But, Lin does take into account two other things — what’s fun for members, as well as what others are doing. “A big factor when it comes to purchasing new equipment is based on our programming. There are a few sites which I follow in terms of programming, so whenever a WOD appears on the sites or during the CrossFit Open that we don’t have [equipment for], that will be the next item we will purchase,” he said.
When Jason Chandler, the owner of CrossFit Treehouse with two locations in New Jersey, is trying to decide what to invest in next, the first thing he looks at is how much space it will take up and if he can store it easily. Then he will ask, how much use can he get out of it? “Is it something that I’m going to be doing occasionally, or is it something I can throw into our regular programming and add another movement to the list of things we can do on a regular basis?” he said.
He will also factor in accessory equipment cost when building a new program to determine that program’s overall price. For example, when putting together a class for a group of young football players, Chandler watched CrossFit Football’s programming to figure out what he’d need. Then he added up the cost of purchasing the necessary equipment, determining from there the program’s pricing and how many athletes they needed to break even.
As a co-owner of CrossFit Lobo in San Antonio, Texas, Lee Ring said accessory equipment will only be purchased if it adds to a class experience. Plus, you have to think about if all of your athletes can use the piece of equipment or not. For instance, when they purchased sandbags, he had to consider if all of his athletes could pick up the lightest weight. “I think you can actually end up with some divisions in your culture a little bit if you end up specializing too much into equipment that’s not necessarily accessible,” he said.
Quality is a huge deciding factor for Lin. He will prioritize that over cost to ensure longevity and performance. “Therefore, we always purchase our equipment from Rogue, AlphaFit or Again Faster,” he said. “However, I always do keep an eye out for some bargains that occasionally appear in the local CrossFit Facebook classifieds, such as ‘CrossFit buy/sell southeast Asia.’”
Chandler also said he looks at quality, and will buy less for better equipment. But, he did say that it’s not always about getting a new piece of equipment; sometimes it’s simply about getting more of what you already have. When Chandler purchased an existing Affiliate for what would become his second location, he ended up selling a lot of fancy accessory equipment that wasn’t being used. Avoid the pitfall of flashy equipment and buy more of what you already have so less people have to share.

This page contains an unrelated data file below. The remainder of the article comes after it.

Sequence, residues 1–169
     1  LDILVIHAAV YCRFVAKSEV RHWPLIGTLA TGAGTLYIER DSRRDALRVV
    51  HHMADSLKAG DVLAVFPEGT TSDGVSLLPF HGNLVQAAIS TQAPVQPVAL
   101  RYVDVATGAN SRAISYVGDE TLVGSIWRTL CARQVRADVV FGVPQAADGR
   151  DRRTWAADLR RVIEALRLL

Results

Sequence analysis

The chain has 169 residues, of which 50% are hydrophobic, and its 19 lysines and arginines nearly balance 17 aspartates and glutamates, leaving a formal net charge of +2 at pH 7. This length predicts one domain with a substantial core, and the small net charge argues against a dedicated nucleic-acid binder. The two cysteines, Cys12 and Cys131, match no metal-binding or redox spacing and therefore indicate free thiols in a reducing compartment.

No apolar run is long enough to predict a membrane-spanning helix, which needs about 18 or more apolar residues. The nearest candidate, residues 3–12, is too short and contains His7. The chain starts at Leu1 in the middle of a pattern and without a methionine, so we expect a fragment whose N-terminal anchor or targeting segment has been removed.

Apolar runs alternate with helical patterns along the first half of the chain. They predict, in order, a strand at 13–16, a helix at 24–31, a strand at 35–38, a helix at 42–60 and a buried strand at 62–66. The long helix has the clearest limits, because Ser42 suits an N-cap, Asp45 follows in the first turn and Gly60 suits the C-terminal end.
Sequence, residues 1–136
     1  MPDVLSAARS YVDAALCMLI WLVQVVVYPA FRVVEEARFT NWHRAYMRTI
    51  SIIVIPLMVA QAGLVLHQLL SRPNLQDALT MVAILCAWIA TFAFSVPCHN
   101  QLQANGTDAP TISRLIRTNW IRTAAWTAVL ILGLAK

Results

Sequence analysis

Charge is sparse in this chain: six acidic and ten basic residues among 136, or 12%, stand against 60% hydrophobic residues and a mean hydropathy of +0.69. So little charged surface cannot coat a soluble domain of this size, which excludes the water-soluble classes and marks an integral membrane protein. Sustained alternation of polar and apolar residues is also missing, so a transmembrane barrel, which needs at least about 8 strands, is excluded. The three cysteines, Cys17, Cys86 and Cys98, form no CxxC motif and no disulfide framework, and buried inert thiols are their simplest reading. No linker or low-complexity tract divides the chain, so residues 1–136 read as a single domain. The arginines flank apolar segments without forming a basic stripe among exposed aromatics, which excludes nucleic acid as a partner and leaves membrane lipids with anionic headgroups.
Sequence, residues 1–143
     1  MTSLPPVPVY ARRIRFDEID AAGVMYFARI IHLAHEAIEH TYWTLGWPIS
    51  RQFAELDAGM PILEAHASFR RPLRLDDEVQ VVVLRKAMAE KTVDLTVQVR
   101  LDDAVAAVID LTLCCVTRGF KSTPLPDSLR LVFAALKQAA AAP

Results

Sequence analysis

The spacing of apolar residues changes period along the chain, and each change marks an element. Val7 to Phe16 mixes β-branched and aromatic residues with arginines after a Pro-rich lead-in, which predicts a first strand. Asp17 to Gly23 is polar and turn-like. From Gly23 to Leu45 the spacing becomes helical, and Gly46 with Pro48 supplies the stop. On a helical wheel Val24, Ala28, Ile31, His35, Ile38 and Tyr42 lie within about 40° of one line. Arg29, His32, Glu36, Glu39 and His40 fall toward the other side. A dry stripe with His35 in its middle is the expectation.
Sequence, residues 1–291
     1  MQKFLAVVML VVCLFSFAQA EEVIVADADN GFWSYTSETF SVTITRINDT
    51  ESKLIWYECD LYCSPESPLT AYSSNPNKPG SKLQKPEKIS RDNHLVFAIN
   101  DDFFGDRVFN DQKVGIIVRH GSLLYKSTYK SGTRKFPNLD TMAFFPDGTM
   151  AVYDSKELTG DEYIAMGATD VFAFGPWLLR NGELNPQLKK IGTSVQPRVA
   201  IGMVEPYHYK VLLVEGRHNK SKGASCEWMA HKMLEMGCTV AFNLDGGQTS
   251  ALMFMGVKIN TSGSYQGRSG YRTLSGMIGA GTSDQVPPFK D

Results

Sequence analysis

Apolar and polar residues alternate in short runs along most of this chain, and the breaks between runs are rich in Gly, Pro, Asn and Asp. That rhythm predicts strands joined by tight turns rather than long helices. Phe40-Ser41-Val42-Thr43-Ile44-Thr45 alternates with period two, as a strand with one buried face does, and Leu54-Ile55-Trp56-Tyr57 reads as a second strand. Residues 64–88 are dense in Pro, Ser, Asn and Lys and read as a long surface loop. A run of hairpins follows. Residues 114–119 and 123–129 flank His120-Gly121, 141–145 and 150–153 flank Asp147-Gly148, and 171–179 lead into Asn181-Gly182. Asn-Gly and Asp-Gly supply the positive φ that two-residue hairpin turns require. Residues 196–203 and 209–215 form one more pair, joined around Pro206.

Member feedback can be a great way to decide what accessory equipment to purchase next. However, Ring said you need to communicate with members when they ask for something, letting them know why or why not you invest in it. And then don’t waffle on your decision. “Keeping it simple and utilizing what you actually have to its fullest extent before you start going and dropping a bunch of money,” he said.
Ring noted taking a look at the budget is essential as well. If you only have $1,000 to spend, is it worth buying only one Assault Bike or being able to buy several sand bags? Or, perhaps it’s better to look to spend that “equipment” money elsewhere – one of Ring’s first purchases after taking over CrossFit Lobo was a Big Ass Fan. He said it’s ultimately about what is effective for your membership.
In terms of maintaining accessory equipment, Chandler said to throw each piece into your maintenance program rotation immediately after purchasing to keep it fresh and new looking.
As for whether or not to purchase accessory equipment, Lin encouraged Affiliates to do so. “Accessory equipment most definitely adds tremendous amount of value to the Box,” he said. “It’s always fun to mix things up and perform different movements and exercises. Being proficient with as many different movements as possible is what CrossFit is all about.”